This is my article that was published in the Feldenkrais Professional Publication, “In Touch”:
Stanley Keleman, a pioneer in the field of Somatic Psychology for over forty years, will share his Formative perspective on human growth and development with the Feldenkrais® community at the keynote address of the Feldenkrais Method® Conference in San Mateo, CA.
It will be a wonderful opportunity to be inspired by the breadth and depth of his decades of research and embodied studies. Keleman continues to deepen and develop his formative perspective, discovering new connections between his work and modern scientific research in cellular and neurobiology and forging new dimensions of somatic understanding on how we can participate deeply and fully in forming a personal, maturing life.
There are both strong similarities and significant differences between Keleman’s Formative Psychology® and the Feldenkrais Method of somatic education. This is what provides a rich opportunity for learning. Both are grounded in science with a commitment to an educational approach toward human growth and development. Feldenkrais was deeply informed by physics; Keleman asserts that “Psychology is Biology.”
Formative Psychology views human growth, functioning, and development from a biological perspective: How does animate life function and form? We’re mostly water. We bathe in the ebb and flow of our own inner sea, in the tides of our cellular life. Beginning at the cellular level, pulsation is the rhythmic in and out of all animate life. It is an organizing principle of how life functions —gathering and extending, contracting and expanding, swelling and shrinking, lengthening and shortening. We grow in relation to this biological inheritance and we can voluntarily participate, influence, and form it as well.
Anatomy is an ever-evolving, dynamic, living, pulsatory process. “Anatomy is behavior. A change in behavior is a change in anatomy,” says Keleman. Our emotions and attitudes are behavior patterns that are a part of every move we make. Emotions are learned, habituated, and inherited behavior patterns that establish how we come to recognize ourselves, how we create meaning, shape our perspectives, and engage our world.
In the Feldenkrais Method, we often emphasize reducing our effort, whereas in the Formative approach, we differentiate the act of efforting itself. The Formative approach hovers on the anticipatory edge of executing an action, recognizing that how we shape our emotion or attitude is itself a motor behavior that informs, influences, and becomes part of our action pattern. By turning our attention toward how we shape our emotions or attitude, we enter into a visceral, subjective, personal dimension. Using voluntary muscular effort to differentiate the intensity of the shape of a behavioral pattern in distinct steps, we generate sensations, feelings and thoughts that give us feedback regarding our behavior. In turn, this informs how we frame our experience and how we can further influence our motor responses.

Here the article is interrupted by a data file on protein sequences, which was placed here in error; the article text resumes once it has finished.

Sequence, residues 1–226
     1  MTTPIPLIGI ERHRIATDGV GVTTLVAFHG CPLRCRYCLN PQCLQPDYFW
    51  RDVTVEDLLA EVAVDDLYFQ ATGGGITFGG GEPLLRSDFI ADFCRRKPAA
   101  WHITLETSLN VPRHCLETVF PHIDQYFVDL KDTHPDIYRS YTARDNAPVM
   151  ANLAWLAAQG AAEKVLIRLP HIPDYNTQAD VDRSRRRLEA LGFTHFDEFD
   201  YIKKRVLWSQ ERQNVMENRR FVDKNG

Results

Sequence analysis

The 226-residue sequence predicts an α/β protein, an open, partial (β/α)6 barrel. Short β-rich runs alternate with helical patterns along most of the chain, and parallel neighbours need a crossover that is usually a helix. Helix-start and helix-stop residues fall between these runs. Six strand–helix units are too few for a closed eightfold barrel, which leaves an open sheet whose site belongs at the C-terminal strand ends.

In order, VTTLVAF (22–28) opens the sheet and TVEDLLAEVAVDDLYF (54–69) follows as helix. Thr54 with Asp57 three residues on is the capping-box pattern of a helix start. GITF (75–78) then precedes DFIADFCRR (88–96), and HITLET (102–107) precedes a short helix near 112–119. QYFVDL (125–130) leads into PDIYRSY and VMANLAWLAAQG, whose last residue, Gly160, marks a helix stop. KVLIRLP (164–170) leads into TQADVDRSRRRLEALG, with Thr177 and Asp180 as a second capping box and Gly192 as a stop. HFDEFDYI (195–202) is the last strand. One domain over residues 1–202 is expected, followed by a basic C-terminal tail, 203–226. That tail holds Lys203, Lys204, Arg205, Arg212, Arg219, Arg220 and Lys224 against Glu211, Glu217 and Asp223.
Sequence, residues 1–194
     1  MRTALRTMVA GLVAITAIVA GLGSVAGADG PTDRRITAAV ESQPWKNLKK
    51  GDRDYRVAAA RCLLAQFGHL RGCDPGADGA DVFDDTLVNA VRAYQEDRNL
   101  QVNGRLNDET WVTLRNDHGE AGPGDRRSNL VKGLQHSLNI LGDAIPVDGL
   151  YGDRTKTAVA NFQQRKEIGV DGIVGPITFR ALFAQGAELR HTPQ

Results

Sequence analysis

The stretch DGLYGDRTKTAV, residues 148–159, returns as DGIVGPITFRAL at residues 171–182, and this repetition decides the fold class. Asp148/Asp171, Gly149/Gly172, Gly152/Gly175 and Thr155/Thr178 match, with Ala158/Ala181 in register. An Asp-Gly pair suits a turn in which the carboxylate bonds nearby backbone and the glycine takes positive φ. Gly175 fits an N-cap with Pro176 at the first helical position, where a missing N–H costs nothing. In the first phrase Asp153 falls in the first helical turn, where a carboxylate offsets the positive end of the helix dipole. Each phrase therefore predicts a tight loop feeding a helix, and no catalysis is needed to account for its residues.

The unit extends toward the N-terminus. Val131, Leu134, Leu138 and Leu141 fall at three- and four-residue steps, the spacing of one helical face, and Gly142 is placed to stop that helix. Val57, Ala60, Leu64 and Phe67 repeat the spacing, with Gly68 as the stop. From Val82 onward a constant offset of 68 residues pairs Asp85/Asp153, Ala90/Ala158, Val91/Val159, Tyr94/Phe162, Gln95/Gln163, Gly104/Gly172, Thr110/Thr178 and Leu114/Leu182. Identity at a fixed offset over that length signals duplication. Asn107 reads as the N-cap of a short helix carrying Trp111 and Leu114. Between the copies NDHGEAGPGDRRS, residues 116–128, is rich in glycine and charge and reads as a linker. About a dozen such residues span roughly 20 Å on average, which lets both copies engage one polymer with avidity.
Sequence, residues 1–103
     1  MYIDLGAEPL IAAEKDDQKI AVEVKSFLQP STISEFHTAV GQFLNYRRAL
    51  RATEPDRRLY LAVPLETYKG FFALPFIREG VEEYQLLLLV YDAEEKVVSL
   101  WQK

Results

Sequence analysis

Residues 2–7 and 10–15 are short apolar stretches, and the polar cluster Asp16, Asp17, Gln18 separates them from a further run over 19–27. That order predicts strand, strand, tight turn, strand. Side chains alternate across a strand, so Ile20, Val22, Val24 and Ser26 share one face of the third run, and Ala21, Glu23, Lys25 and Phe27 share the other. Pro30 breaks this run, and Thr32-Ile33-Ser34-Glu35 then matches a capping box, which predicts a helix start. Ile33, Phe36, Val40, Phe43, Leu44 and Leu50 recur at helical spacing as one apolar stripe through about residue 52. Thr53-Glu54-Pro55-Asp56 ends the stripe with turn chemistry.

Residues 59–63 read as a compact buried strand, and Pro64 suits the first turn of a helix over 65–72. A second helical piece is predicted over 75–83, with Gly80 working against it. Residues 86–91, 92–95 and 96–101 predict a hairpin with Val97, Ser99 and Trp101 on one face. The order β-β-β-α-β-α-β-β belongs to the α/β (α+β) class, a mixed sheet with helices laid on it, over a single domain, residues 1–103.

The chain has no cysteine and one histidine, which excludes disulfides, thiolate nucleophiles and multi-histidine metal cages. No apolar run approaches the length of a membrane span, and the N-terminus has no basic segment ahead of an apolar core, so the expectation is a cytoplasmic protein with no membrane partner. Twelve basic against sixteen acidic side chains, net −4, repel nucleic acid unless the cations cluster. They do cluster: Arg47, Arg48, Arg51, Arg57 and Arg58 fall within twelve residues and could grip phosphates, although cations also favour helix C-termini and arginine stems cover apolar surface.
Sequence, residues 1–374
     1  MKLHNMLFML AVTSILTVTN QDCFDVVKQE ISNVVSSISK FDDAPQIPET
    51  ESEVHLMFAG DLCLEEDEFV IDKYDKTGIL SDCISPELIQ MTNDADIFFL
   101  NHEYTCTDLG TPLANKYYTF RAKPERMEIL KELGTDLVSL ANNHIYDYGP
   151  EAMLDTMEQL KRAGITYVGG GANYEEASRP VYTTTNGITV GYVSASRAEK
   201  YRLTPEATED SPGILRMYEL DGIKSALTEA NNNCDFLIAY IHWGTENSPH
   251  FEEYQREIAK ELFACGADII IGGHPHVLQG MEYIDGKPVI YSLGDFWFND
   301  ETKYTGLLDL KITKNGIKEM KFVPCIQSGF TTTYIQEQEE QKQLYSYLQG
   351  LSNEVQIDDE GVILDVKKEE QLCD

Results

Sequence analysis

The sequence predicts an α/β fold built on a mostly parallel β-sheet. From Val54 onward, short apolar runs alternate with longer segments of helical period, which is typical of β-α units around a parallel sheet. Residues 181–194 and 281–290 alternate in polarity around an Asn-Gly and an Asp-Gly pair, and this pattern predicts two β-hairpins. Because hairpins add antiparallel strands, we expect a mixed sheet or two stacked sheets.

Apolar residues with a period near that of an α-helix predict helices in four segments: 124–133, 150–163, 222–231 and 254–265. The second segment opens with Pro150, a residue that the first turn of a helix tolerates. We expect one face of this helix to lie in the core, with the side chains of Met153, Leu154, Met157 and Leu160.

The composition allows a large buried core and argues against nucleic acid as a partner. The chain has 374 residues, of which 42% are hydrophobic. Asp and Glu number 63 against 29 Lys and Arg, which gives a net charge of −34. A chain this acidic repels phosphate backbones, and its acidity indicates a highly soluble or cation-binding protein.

Connecting our actions and its feedback with our cortical understanding creates a web of experientially based understanding. We create a rich library of somatic emotional behaviors, giving us more choice in how we approach our actions and circumstances.
How is this relevant for a Feldenkrais practitioner?
The Formative perspective provides new ways to understand how humans function. It supports how we can grow new connections and dimensions in what we are already doing as Feldenkrais practitioners, as well as how we can further develop ourselves.
Emotions are part of our evolution and our inheritance. Emotions are bodily movement patterns that are a part of every move we make. As movement educators, it is very useful to pay attention to their role in how we move, learn, make meaning, grow, and develop.
For four mornings in a row starting Friday, August 30th, I will teach a series of one hour experiential sessions. We will explore how the Formative approach relates to the Feldenkrais Method. We will investigate Moshe’s four components of action: sensing, feeling, thinking and moving from a Formative framework. We will also explore other topics such as: Awareness through Movement® and Slow Attending, Dimensions of Involuntary and Voluntary Participation, and Forming a Personal Dimension.
I look forward to seeing you at the Conference!
Sonja H. Sutherland, MA, GCFP, (1997) is a Feldenkrais practitioner with over twelve years of ongoing studies in Formative Psychology®. She maintains a private practice in Berkeley and teaches workshops and retreats in the US and Europe. Sonja holds a black belt in Aikido and a Masters in Dance.
Attend Sonja’s morning class, “Experience How Stanley Keleman’s Formative Perspective Relates to the Feldenkrais Method” Friday, August 30- Monday, September 2 at 8:15-9:15AM.